Shibuya’s shibuyette by colodio
I have been traveling recently which has meant less time to devote to Popwuping. I’m back in Taiwan – for now.
There are four things which dictate a great mobile device experience. The UI and integration with non-mobile devices and services; the screen; the battery; and the wireless network. Apple executes on the first two better than anyone else, they manage the third extremely well but they, like everyone else releasing products into the North American market, are being killed by the fourth. When the major markets have networks like what we have enjoyed in Asia for years, then I expect we will see some real innovation in mobile devices. The network is key.
Apple has unveiled its new iPhone 4 after a couple wild, unprecedented months of leaks. Sure, it looks exactly like we expected it to (Steve compares it to an old Leica camera), with a glass front and back, but it’s what’s on the inside that counts, kids. The stainless steel band that goes around the phone is an antenna system, while also providing the main structure of the phone, though it’s plugged into the same old GSM / UMTS radio you all know and love — there’s a reason they didn’t call it the iPhone 4G. There’s also of course that front facing camera we were all anticipating, a rear camera with LED flash, and a new high resolution display that doubles the pixels in each direction (960 x 640) for a 4X overall pixel count increase — Apple calls it a “Retina Display.”
Colorado native Kai Staats has invented a new language for cell phones that replaces words with pictures to represent actions, nouns, and places, making his invention essentially a modern form of the hieroglyphics used in ancient Egypt.
The language, which Staats calls “iConji,” consists of 32×32 pixel square images that convey either a single meaning, such as “sports car,” or a dual meaning such as “food” plus “to eat.” It’s available for Apple devices like the iPad and iPhone, as a Facebook application, or as a Web application that runs in Firefox or Safari.
“It’s just fun to use,” explains the inventor. “Using homonyms and plays-on-words, iConji messages are often quite humorous as well as informative. Whether you are sending a complete sentence with proper grammar to a co-worker, or a simple, one-character message inviting a friend for a drink after work, receiving an iConji message always causes me to smile.”
It seems similar to Chinese, but linguist Arika Okrent explains that the pictograms used in iConji are far removed from that language.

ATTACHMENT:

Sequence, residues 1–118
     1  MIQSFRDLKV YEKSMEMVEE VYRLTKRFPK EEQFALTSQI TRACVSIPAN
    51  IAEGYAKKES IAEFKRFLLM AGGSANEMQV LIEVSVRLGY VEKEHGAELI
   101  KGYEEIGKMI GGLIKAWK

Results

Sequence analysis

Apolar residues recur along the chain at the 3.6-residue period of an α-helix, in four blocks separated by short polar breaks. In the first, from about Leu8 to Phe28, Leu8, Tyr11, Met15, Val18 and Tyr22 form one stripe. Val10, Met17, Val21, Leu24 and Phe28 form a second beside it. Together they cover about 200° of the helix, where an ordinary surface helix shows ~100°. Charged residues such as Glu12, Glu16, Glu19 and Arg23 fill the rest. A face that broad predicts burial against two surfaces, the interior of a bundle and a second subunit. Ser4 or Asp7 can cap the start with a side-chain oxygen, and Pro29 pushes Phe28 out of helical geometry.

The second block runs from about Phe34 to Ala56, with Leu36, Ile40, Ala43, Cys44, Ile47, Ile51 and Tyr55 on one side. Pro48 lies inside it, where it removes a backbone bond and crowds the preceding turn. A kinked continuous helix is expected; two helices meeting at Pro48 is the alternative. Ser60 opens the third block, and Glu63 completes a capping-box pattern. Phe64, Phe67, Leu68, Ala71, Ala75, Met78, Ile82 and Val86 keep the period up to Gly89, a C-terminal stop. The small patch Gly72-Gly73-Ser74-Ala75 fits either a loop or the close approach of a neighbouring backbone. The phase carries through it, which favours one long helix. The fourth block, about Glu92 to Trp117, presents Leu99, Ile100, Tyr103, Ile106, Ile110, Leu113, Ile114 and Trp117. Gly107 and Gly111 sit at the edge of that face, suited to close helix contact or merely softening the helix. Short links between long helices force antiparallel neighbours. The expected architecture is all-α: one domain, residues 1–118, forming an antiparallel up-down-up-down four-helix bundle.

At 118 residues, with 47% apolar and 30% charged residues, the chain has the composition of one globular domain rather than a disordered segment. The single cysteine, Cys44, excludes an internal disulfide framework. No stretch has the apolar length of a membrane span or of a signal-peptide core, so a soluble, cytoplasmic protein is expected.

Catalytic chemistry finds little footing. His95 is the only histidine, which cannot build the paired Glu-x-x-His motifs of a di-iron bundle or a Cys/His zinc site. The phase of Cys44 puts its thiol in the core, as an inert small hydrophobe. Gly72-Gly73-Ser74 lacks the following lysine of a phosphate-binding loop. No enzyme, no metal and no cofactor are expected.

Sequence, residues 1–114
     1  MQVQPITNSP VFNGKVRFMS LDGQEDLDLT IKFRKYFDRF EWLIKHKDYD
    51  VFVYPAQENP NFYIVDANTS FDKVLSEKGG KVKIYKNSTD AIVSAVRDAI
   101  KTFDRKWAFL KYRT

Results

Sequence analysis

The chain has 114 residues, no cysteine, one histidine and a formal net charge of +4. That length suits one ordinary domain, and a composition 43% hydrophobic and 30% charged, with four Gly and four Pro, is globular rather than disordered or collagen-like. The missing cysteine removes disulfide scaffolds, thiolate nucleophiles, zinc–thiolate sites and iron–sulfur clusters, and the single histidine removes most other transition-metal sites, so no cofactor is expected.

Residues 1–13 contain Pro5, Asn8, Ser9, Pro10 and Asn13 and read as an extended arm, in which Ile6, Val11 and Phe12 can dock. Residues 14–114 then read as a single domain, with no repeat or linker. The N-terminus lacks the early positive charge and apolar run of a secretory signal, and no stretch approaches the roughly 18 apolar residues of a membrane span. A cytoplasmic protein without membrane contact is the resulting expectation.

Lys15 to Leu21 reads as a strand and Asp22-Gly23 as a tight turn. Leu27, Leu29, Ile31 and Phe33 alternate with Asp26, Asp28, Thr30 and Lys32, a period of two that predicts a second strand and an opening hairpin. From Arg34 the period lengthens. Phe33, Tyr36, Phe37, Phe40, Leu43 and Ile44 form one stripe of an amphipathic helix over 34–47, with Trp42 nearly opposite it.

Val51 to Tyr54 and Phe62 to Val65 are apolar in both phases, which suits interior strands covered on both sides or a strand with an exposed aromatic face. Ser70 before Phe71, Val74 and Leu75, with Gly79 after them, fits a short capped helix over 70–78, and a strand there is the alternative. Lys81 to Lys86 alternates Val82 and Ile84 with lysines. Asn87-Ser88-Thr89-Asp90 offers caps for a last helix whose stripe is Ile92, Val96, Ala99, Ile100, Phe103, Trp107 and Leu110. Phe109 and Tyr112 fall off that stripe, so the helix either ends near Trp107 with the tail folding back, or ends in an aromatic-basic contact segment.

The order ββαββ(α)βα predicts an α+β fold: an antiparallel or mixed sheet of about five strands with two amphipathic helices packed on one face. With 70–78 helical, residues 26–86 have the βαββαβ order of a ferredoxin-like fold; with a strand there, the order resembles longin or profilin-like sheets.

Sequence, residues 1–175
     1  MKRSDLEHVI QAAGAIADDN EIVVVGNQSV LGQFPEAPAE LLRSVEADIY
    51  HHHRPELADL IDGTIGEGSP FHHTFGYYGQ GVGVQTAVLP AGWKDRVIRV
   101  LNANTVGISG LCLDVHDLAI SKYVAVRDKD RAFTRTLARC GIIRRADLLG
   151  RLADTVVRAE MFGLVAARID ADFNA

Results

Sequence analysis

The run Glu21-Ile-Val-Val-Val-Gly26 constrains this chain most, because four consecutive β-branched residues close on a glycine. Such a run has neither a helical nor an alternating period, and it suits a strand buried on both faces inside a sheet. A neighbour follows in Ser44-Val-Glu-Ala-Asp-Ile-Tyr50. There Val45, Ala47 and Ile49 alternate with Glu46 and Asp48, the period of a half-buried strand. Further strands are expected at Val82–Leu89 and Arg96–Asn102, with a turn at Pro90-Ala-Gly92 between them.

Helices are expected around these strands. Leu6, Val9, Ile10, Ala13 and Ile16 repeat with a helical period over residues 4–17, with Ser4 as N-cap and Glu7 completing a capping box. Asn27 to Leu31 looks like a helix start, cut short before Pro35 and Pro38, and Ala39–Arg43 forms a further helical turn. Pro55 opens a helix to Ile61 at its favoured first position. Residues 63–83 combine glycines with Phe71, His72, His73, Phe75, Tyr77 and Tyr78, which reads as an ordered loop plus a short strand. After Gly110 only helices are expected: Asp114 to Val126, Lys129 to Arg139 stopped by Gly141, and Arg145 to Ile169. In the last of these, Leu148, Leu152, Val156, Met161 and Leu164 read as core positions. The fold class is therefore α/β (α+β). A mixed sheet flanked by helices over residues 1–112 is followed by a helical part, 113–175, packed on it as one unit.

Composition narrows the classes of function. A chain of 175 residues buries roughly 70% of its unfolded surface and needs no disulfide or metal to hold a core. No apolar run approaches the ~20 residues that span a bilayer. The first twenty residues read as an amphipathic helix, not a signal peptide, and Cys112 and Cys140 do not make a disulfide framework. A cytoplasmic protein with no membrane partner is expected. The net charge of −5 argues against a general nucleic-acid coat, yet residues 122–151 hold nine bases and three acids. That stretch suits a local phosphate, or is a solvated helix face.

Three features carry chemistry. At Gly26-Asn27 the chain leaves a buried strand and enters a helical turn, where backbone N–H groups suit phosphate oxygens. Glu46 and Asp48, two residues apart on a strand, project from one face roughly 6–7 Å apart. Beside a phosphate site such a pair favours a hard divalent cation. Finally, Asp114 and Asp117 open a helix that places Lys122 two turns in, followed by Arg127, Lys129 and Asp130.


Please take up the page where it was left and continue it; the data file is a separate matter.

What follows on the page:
What we are doing sounds easy when I write it, but delivering aid in Niger is anything but easy. Some of the people we need to reach are nomadic and frequently on the move in search of fodder and water for their animals. This is the least developed country in the world: roads, supply chains, and basic infrastructure are poor. Transporting large amounts of supplies over long distances is expensive and time consuming–and sometimes it’s not possible.
Most of the women we are targeting are illiterate and have no numeracy skills, have little access to electricity, and to complicate matters even more, mobile signal coverage is sporadic. But we decided that if we could make the mobile phone cash transfer program work here, we could make it work anywhere.
We started by tackling the biggest issues. We purchased phones for each beneficiary, sourcing new, very low-cost models now on the market. We produced picture-based teaching tools and mobilized community education teams to over a hundred villages. These teams taught women to recognize the letters and numbers on the phones, to send and receive a text message, and to redeem codes they will receive via text message for cash at mobile dispensing stations. Concern also gave groups of the women solar-powered chargers for the phones, and offered them training to use the chargers to generate supplementary income.
A different reason why the United States lags here could be cultural. In some circumstances, computer illiteracy is worn as a badge of pride, a kind of rebellious symbol of anti-trendiness. In the same way that it’s cool to know how to drive a car with manual transmission, it can be cooler not to use electronic gadgetry when everyone else seems tethered to theirs. Combine the cultural factor with low overall broadband penetration and high subscription costs, and what you get is sluggish adoption rates of new technology across the board.
But the cultural argument is, I think, less convincing than the marketing argument. Take a look at Apple’s iPad advertisements. The TV spot targets casual end-users — ordinary consumers. The focus is on entertainment — streaming video, games, and novels, with a little music-making on the side. Apps are the iPad’s strong suit. Small, downloadable programs expand the device’s functionality beyond the boundaries of its hardware. Not only does Apple have a specific type of user in mind for the iPad; it’s also telling that user what she should do with the object in her hands. What sets the iPad apart from other tablet computers, though, is that its actual potential is largely measured in terms of context and scenario — not by its capabilities.
The conceptual hurdle that Asia’s innovators seem to have overcome — and Americans haven’t, yet — has to do with recognizing the iPad’s potential as a tool for accomplishing larger, more complex tasks in the real world. Apple thinks the iPad is meant to help users do more on the Internet. That’s true — to a point. But Asia’s up-and-coming businesses understand that the iPad’s appropriate place is actually closer to the intersection of reality and digital life.